Weekly Health Update #375

Mental Attitude: Marriage Tied to a Longer Life.
It’s common knowledge that married people live longer than singles, but new research suggests the longevity gap is growing. In a study that compared data from 2017 to 2010, researchers found that the age-adjusted death rate for married individuals fell 7% during this time compared with only a 2% decline among those who were never married and no change for divorcees. On the other hand, the age-adjusted death rate for widows increased 6% during this time.
National Center for Health Statistics, October 2019

Health Alert: Heart Patients Often Have Sleeping Problems.
A review of the health histories of 202 patients at a cardiology clinic revealed that 60% had at least one sleep disorder, such as obstructive sleep apnea, insomnia, and restless legs syndrome. This adds to a growing body of research that suggests that sleep disorders may play a role in several negative health outcomes.
Laryngoscope, September 2019

Diet: Home Cooked Meals Linked to Fewer Harmful Chemicals (PFAS).
Per- and polyfluoroalkyl substances (PFAS) are a group of chemicals found in packaged foods, which past animal studies have been linked to reproductive and developmental problems, liver and kidney disease, adverse effects on the immune system, and carcinogenic effects. In a new study, researchers reviewed diet information and blood work concerning 10,106 adults and identified a correlation between eating at home and having lower levels of PFAS in the blood. Furthermore, those who more frequently dined at restaurants, consumed fast food, or ate microwave popcorn had more PFAS in their blood. Co-author Dr. Kathryn Rodgers explains, “The general conclusion here is the less contact your food has with food packaging, the lower your exposure to PFAS and other harmful chemicals… These latest findings will hopefully help consumers avoid these exposures and spur manufacturers to develop safer food packaging materials.”
Environmental Health Perspectives, October 2019

Exercise: Pick Up the Pace for Better Cognitive and Overall Health.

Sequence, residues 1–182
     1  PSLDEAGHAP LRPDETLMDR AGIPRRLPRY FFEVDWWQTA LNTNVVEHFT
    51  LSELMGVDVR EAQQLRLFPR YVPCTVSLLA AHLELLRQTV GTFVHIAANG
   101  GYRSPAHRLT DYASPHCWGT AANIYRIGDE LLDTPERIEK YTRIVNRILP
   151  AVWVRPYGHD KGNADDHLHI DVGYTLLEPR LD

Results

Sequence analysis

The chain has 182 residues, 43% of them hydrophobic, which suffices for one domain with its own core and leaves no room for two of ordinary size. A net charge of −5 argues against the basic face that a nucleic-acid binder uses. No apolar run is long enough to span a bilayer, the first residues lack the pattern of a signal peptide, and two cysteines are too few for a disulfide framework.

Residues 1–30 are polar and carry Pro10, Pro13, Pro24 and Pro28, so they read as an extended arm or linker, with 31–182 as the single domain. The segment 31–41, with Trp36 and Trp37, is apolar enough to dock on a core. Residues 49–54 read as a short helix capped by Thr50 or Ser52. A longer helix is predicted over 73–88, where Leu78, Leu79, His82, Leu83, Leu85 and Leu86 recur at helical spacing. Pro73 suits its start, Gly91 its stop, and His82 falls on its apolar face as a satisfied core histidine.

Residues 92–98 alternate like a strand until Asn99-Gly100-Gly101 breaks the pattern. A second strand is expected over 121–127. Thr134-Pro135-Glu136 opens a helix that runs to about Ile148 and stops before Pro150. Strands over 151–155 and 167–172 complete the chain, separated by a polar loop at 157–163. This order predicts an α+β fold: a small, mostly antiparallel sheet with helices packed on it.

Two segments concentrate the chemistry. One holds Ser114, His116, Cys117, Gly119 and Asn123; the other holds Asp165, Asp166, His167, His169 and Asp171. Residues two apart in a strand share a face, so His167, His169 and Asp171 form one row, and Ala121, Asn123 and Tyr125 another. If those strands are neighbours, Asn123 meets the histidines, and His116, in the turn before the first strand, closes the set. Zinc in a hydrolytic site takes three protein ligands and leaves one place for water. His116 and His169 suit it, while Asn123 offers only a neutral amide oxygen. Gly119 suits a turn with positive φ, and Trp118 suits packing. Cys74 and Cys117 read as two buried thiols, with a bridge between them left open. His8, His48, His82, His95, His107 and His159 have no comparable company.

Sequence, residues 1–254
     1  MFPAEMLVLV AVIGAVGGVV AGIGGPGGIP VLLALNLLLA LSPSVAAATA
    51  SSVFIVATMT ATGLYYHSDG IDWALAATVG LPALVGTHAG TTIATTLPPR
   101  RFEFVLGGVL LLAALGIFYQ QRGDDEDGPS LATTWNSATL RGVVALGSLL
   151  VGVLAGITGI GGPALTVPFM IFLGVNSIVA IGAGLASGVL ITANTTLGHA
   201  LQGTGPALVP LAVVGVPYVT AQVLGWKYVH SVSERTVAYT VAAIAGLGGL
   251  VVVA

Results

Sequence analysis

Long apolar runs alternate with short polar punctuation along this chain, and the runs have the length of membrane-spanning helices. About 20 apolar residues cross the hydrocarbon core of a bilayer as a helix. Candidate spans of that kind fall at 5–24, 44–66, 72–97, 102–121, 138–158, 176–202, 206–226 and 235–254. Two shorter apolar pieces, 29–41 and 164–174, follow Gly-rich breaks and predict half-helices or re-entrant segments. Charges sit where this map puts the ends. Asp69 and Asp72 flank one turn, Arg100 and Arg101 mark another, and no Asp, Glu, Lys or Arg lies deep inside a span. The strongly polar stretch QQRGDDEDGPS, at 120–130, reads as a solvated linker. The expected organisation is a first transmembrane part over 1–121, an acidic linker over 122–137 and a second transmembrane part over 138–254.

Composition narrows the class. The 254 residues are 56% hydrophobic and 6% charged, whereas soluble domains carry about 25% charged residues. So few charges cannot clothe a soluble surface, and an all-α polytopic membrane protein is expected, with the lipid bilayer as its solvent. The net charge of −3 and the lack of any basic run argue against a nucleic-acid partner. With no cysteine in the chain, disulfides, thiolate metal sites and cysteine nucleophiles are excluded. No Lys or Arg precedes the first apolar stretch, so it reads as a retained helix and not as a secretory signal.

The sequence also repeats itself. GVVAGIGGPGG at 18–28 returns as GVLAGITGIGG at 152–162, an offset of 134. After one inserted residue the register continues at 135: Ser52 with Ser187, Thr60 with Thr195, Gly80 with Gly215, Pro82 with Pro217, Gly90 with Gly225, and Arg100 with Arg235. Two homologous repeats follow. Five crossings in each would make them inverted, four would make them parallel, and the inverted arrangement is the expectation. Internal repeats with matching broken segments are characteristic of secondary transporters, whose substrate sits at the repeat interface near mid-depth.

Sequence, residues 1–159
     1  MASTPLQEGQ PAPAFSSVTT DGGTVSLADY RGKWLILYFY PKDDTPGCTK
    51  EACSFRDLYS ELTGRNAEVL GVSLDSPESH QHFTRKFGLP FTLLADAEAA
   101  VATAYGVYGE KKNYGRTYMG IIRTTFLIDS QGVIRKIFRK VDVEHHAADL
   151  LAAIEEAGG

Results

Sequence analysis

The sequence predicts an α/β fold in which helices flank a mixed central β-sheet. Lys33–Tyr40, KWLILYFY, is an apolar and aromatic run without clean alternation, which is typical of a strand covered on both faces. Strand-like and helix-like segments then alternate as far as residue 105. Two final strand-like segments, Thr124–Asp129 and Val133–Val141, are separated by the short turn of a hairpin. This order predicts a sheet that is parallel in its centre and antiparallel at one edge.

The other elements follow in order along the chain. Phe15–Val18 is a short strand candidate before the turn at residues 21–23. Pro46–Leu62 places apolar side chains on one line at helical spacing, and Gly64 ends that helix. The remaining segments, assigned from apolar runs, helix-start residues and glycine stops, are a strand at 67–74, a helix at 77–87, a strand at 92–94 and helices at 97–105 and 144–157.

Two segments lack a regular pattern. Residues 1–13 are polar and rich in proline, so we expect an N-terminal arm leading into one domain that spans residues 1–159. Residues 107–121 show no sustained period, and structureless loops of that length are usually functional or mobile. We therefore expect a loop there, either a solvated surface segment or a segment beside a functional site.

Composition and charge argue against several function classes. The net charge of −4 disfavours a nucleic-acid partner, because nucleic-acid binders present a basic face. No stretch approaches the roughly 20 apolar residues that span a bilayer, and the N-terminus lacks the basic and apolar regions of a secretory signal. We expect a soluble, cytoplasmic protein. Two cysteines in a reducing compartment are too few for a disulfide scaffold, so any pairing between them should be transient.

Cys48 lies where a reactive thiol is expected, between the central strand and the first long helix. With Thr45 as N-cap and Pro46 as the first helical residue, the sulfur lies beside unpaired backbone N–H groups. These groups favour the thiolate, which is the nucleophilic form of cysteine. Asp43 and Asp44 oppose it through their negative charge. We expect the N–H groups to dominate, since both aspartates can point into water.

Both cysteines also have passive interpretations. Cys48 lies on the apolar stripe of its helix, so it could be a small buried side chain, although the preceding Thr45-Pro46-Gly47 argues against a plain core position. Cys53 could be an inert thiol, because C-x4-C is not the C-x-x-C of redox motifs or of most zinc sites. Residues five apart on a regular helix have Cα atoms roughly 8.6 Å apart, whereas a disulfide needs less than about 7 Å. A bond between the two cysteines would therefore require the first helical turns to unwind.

New research that looked at data concerning nearly 1,000 individuals who participated in a 40-year study suggests that a faster walking pace is associated with higher scores on cognitive assessments, a more robust immune system, and healthier teeth and lungs.
JAMA Network Open, October 2019

Chiropractic: Spondylolisthesis and Spinal Alignment.
Spondylolisthesis is a spinal condition that occurs when one spinal vertebra slips over the one immediately underneath it. In a recent study, researchers reviewed lateral lumbar radiographs of 104 patients with low back pain and found that high pelvic incidence and increased lumbar lordosis were significant predictors for anterior slippage of the fourth lumbar vertebra. The findings suggest that maintaining proper spinal and pelvic alignment could reduce the risk for spondylolisthesis. Doctors of chiropractic often treat spondylolisthesis with spinal manipulation and exercise instruction.
Journal of Orthopedic Science, October 2019

Wellness/Prevention: Easing Hot Flashes.
The Cleveland Clinic reports that about two-thirds of menopausal women in North America suffer from hot flashes. To relieve hot flashes, the clinic recommends identifying and avoiding triggers such as heat, smoking, caffeine, sugar, spicy foods, alcohol, or stress.
Cleveland Clinic, September 2019

Dr. Eric A. Lane

Chris/Heidi Powell from ABC's Extreme Weight Loss highly recommend Dr. Eric A. Lane (view endorsement). He has been serving Tucson, Arizona as a chiropractor/physician for over 25 years. Schedule an appointment with Dr. Lane by calling our office at 520.742.7785 or contact us.

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